• Flyers or postcards that include key contact information, as well as the action you want community members to take can serve as a quick take away and reminder of where people can go for more information. 
  • Outreach Events. Whether hosted by your organization, another entity, or a coalition, public engagement events are opportunities to share information about your campaign. The type of event should be relevant to the community you are trying to reach. This might be in the form of a public meeting, forum, or roundtable where information is shared directly to a captive audience. Integrating your campaign into existing community event that provide tabling opportunities in a less formal setting are also effective. In whatever form you choose, these events are opportunities to answer questions, gather intel on potential support and/or opposition and the political appetite that may exist in your key geography. 
  • Create an Online Communications Strategy. 
    • A website dedicated to your campaign is an effective tool for directing folks to more information as well as a place for collecting their contact information and endorsements for the campaign. 
    • Social media accounts, named for your campaign, are another useful way of reaching people and gathering support. 
    • Email newsletters with contacts databases are helpful in keeping your contacts organized and crafting emails to your grown list of interested community members. 
  • Public Opinion Polls. If your budget allows, commissioning a bi-partisan opinion poll can help assess how community members in your region or state feel about wild and scenic river designation, in general, or about a river in particular. Questions should be crafted carefully and vetted with your potential bill sponsor, as in many cases, favorable results will provide political cover to introduce legislation. 


Outreach to and education of the masses is only half the work. You must also cultivate a network of vocal supporters who will speak out about the campaign and help gather even more support.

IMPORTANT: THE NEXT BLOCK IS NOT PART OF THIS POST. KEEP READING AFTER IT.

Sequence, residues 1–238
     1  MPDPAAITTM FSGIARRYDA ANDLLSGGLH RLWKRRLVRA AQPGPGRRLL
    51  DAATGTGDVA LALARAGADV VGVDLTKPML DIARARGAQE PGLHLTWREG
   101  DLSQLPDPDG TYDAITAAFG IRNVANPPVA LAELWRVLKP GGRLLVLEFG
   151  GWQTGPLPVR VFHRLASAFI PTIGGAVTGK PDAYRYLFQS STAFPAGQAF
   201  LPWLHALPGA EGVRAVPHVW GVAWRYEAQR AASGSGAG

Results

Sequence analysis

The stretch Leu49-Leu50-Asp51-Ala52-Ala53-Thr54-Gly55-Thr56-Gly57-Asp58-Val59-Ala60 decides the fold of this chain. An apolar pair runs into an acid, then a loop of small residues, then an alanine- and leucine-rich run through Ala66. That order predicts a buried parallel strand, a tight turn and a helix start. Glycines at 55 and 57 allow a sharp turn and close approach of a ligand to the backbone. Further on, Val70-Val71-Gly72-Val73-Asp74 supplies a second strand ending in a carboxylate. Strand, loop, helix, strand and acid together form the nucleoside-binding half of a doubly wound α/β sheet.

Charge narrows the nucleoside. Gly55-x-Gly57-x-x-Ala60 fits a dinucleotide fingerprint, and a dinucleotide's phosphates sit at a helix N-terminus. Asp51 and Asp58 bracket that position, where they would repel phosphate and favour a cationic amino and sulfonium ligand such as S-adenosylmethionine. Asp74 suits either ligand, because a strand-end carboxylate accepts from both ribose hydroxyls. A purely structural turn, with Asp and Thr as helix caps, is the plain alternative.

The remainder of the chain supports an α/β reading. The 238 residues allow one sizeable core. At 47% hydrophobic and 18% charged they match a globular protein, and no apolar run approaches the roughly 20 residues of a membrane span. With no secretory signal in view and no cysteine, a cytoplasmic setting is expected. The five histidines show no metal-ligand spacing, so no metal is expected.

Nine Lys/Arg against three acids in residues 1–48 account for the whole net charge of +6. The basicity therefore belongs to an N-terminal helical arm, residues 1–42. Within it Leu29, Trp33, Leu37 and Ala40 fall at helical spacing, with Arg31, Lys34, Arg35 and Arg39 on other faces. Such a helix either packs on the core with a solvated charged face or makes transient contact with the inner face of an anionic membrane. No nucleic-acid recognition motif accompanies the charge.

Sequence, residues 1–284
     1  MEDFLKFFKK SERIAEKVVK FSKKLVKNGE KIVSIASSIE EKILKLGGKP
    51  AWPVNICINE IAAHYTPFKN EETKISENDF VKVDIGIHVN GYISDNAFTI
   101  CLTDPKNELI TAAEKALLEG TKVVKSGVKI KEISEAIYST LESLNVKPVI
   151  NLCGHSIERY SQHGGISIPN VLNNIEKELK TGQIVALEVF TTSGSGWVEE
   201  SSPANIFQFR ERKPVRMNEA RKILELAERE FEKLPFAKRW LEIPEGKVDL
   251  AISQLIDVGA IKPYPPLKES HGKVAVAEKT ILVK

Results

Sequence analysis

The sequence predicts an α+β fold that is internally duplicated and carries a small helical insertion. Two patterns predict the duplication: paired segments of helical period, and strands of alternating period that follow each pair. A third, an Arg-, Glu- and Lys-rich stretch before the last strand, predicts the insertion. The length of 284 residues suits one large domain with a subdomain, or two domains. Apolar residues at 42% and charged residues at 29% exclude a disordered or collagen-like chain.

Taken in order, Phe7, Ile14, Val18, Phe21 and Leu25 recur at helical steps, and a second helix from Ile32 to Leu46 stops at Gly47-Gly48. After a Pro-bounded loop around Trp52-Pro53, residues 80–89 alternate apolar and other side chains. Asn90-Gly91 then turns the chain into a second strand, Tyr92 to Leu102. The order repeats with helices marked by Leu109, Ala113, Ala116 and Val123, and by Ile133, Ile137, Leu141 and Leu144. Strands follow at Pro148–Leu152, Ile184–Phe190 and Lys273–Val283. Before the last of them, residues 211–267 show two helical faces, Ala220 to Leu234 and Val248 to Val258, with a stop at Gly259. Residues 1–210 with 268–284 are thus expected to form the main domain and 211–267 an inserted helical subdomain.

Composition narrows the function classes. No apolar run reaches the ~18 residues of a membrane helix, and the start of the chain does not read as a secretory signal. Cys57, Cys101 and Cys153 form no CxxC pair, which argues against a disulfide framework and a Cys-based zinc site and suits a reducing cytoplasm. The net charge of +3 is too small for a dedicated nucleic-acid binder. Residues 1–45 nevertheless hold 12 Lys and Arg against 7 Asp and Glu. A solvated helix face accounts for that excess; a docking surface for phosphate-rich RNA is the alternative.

• Expanded Power Mapping. Identify key supporters who will be most advantageous to your bill sponsor, as well as influential thought leaders in your key communities. If your elected leader is endorsed by certain members of the business community or a certain industry, make sure those entities have supported your campaign and are willing to call and let your Congressional member know. 
  • Securing Widespread Support is Critical. Diversity within your supportive base is even more critical. Make sure that the community members who support your legislation aren’t just affluent, dominant-culture “river people,” but instead represent a variety of backgrounds, interests, employment types, and other identity characteristics. Bi-partisan support is often the key to success for campaigns, so having support across the political spectrum in your geography is critical.  
  • Ways to Vocalize. This can apply to the key supporters as well as the masses.
    • Letters to the Editor (LTE) and/or opinion pieces (Op Eds) written by key supporters or influential community members and expressing support for your wild and scenic campaign are extremely helpful. Oftentimes, our elected leaders are given the latest LTE’s and Op Eds from their local papers, so there is a good chance they will read these. Some community members will be comfortable drafting their own letters; others may benefit from or need assistance from you. 
    • Video interviews with influential supporters are popular content for social media outlets and your website. 
    • Social media takeovers by influential supports raise the profile of your channels and attract new audiences. 
    • Advertising support through paid ads are another option if your budget allows. 
    • Encourage your supporters to call and email their Congressional members as well as influential opposers. Bombarding DC offices with phone calls from local community members makes a big impact. 


See our leading active campaigns page for campaigns that have legislation introduced and those that are still building community support.